I've been thinking a lot about generation change recently, probably because my eldest son graduated from college in May, and has moved to Seattle. And, my wife and I have firmed up retirement plans, so this kind of stuff is on my mind.
And this has what to do with nonprofits? A lot. There is a huge set of generational changes going on in our employees and in our volunteers, ones you and your organization should pay attention to, and see if you can benefit from. Here are the most important ones, as I see them.
1. Boomers coming in the door: There are literally thousands of Boomers who have done their 20-25 years in the for-profit/military/government world and who, having taken retirement i their first career, are thinking: "what ever happened to my idealism of the 60's? I want to do something important." These people are looking for work in the nonprofit sector, and have amazing skills. But they haven't figured out how to fit in yet. I meet these people all the time when I do training. They come up to me and say: "I loved what you said. I started with my organization a year ago, and with my 20 years in business, I'm still trying to figure out their mindset....". The question for you: How can you find these experienced people and use their talents?
2. Boomers going out the door: At the same time, people in my generation who have spent their careers in the nonprofit world are deciding on their own retirement plans. Since there have been so many of us (boomers) we've clogged up the management/supervision pipeline. Who is going to replace these people? Sheer demographics say we don't have enough skilled managers to fill the slots coming open in the next 10 years. The question for you: Look at your management team. How many are over 55? Do you have a management succession plan? Are you training enough new managers internally?
3. Whatever happened to GenX and GenY? I get requests all the time from Executive Directors and Board Presidents about ways to recruit younger board members, and younger volunteers. (By younger here, I mean under 30) I always answer with this question: " Is everything I would need to know about volunteering, or about serving as a committee member or board member available online? Everything: meeting times, time obligations, conflict of interest, term of service length, everything?" The answer, of course, is almost always "Uh, no." "Then", I say, "Then, they won't come." The reality is that people under 30 are online as comfortably as they breath. That's where they go for information on everything from movie times to volunteering opportunities at your organization. Questions for you: Do you have the ability to donate online with credit cards and PayPal? Do you have complete information about available volunteering opportunities, board service etc on your website, including ways to send you follow-up questions by email? You need to. Words to recruit by: If you build it--they won't come. If you build it online--they just might.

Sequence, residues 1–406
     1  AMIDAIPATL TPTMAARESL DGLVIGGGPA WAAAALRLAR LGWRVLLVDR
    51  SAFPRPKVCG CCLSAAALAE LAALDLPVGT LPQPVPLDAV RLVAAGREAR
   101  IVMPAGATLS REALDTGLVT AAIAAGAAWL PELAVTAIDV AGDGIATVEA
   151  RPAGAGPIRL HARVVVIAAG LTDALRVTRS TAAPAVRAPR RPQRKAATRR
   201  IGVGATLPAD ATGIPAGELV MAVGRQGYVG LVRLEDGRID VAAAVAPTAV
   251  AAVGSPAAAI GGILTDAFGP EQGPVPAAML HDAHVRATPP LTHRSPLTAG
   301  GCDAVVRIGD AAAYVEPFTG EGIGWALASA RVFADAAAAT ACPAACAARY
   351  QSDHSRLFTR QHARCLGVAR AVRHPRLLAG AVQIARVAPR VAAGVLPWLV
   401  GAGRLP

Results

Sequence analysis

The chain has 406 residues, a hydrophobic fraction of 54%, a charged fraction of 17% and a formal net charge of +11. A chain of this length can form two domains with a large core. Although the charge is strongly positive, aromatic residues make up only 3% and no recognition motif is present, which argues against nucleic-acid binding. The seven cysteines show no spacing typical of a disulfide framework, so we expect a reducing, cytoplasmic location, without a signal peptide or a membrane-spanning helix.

4. Unintended Consequences. This issue came up at the Alliance for Nonprofit Management conference I attended last week. With all the wonderful educational resources now available, many managers of not-for-profits are now coming in the door with undergraduate or graduate degrees in nonprofit management and going directly into the management ranks. This is a huge change from the traditional sequence of starting as a direct provider, and moving up the food chain (often without adequate management training). My concern? Will the new managers (who may never have worked directly with patients/clients/students/etc) have the passion for mission that the prior generation did? Thus, our fabulous expansion of educational opportunities (one of the best things that have happened to our field in the past 20 years) may negatively impact the most important thing we possess; our passion for mission. Question for you: How do we retain passion for mission when we hire professional managers?